Making a Book Trailer – A Brief How-to with the Costs for a Movie Trailer-Look

There still seems to be much debate about the value of book trailers. I, for one, love them and think they are very useful for children’s literature. I know some teachers and school librarians use them to encourage children to read. An author-made book trailer can’t compete, of course, with a big-budget trailer produced by a professional at a publishing company, but I think we can still make ones that showcase our books. I wanted to post how I did mine for my latest book, WOLF STORM, and how much it cost, so that other authors who are considering trailers can use this to look at some of their options.

There are many ways to make trailers. I learned on the fly, so to speak, and have no previous experience, so there may be better or cheaper ways to do this than my method. First of all, I couldn’t have done this without my 15-year-old son, who knew far more about the movie-making software than I did.

The costs first: We used an old video-editing software called Ulead, which we bought about seven years ago for $80.00. I’ve heard IMovie, available for Macs is very easy to use, and I know there are many choices out there. I purchased all the music, video clips and illustrations from Istockphoto.com. At Istockphoto, a buyer purchases a block of credits, and the larger the block purchased, the less expensive each credit becomes. A credit ranges in price from $1.25 if you buy a huge block to a $1.63 if you only buy a few. That’s why it’s best if you can search out what items you need, add up the total number of credits required to buy all of them, and then purchase the block you need right before you are ready to put the trailer together. You can download samples for free to rough out a trailer, and this helps insure you have exactly the right bits before you actually buy them.

My trailer was far more expensive than many author-made ones, because I decided to use video clips as much as possible, rather than still images. I wanted the feel of a movie trailer and thought that would be the best way to accomplish it. There are also different levels of quality of images and clips you can buy, which affects the price. I chose to purchase “big web” images because I wanted them to show up clearly when viewed full screen.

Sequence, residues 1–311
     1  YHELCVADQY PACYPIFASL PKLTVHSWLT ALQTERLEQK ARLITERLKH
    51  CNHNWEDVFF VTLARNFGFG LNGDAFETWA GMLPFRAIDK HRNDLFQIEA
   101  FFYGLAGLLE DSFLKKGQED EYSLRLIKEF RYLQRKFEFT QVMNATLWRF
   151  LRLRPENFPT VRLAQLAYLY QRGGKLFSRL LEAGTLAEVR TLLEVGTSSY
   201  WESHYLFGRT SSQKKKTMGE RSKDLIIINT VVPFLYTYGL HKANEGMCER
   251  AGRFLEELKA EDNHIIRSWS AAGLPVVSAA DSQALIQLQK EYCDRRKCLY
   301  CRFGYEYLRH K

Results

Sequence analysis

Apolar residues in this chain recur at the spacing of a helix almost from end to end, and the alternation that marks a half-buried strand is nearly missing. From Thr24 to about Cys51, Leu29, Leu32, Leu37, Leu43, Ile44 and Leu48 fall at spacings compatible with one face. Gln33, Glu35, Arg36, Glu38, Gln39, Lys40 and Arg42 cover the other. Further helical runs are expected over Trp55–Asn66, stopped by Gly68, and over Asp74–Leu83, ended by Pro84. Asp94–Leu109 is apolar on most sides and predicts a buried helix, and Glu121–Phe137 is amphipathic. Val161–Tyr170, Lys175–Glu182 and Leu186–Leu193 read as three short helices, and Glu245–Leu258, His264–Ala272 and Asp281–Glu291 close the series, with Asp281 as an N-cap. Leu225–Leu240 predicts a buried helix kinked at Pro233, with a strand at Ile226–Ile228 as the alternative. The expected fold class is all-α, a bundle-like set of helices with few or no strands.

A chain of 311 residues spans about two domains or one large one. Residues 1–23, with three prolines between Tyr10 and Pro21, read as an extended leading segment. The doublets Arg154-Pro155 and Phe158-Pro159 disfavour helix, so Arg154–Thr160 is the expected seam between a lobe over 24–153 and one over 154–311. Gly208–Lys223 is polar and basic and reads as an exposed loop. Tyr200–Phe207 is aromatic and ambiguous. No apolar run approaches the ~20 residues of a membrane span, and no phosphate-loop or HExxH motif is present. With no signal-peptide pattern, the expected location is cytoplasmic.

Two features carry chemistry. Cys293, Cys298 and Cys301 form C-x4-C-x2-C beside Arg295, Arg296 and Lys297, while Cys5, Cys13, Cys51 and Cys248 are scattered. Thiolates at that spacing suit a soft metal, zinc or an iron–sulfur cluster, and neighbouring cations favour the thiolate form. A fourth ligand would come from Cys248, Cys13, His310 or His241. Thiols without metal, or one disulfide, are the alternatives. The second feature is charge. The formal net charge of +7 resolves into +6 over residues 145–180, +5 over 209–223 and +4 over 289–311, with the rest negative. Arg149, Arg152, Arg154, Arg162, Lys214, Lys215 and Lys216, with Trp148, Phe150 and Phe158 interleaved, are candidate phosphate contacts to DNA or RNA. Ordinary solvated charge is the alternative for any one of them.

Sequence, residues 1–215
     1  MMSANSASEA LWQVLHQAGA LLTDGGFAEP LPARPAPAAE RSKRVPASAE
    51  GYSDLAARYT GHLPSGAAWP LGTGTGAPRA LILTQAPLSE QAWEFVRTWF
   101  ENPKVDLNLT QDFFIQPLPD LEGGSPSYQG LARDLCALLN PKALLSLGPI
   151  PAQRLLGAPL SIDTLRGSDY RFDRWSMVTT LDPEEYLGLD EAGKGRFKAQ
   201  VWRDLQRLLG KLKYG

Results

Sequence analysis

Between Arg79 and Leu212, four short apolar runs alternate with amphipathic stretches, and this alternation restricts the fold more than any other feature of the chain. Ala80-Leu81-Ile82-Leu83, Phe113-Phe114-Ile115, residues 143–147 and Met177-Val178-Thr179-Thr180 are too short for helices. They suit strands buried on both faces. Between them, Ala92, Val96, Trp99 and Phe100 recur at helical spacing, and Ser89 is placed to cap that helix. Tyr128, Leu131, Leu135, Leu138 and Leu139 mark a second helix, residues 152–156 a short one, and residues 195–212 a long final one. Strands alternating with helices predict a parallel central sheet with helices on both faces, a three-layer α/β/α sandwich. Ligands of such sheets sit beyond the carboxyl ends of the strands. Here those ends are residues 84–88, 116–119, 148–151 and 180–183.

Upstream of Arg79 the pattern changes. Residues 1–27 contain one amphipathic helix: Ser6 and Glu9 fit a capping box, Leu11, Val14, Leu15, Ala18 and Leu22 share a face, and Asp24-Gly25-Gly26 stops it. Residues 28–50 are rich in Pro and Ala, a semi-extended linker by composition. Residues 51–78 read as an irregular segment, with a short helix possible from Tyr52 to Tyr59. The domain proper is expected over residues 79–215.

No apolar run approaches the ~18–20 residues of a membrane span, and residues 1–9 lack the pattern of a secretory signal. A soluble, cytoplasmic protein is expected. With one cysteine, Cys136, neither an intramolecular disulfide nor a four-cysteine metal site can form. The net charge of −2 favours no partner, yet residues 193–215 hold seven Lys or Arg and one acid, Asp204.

If you haven’t seen the trailer, here it is:

Here’s what I purchased with the credit price (not dollar price) next to each one:

Video Clips:
Space ship animated 55
Sweeping mountain scene 55
Nice snow scene 30
Creepy snow scene – 30
Snow falling – 30
Black Wolf – 30

Still images:
3 photos of girl at medium quality 10 each- 30
Spaceship illustration 15

Music:
Total of 3 different clips at 15 credits each – 45

I was not very familiar with Photoshop then, so the poster image is one I paid someone to make. Now I would be able to do it on my own. I also filmed one clip myself, begging my husband and son to participate, making that one was free. The boy who did the voiceover is a friend of my son’s, and I didn’t pay him, except to give him a $25.00 gift card to an indie bookstore in our town.

The total number of credits I used was 320 credits. I purchased two different blocks because I didn’t anticipate the exact number I needed, so on average, I paid $1.45 a credit. That brings the total to $489.00 with the gift card.

How I did it: I wrote a rough script and blocked out different ideas for images. Once I started searching through Istock, I ran across others that I thought would work better, and continually adapted the script to the images. We put all the images together to see how long the video would be. I wanted it at no more than two minutes, so we did some shortening of various clips. After that, we recorded the dialogue and added it in to fit the images. This showed us where we needed to cut some of the clips and double others to get the timing right. My son added in the music around the voice, lowering and raising the volume to the appropriate levels.

It’s a long process, especially searching for just the right images and music, but I enjoyed it. If you don’t like that sort of thing, it would be very frustrating. Overall, I would do it again. Whether or not it’s worth it in pure monetary terms as it relates to book sales, I don’t know. Then again, so much of what we authors do is hard to quantify, so at least with this particular promotion attempt, I came out of it with something I’m proud of, and I enjoyed making it.

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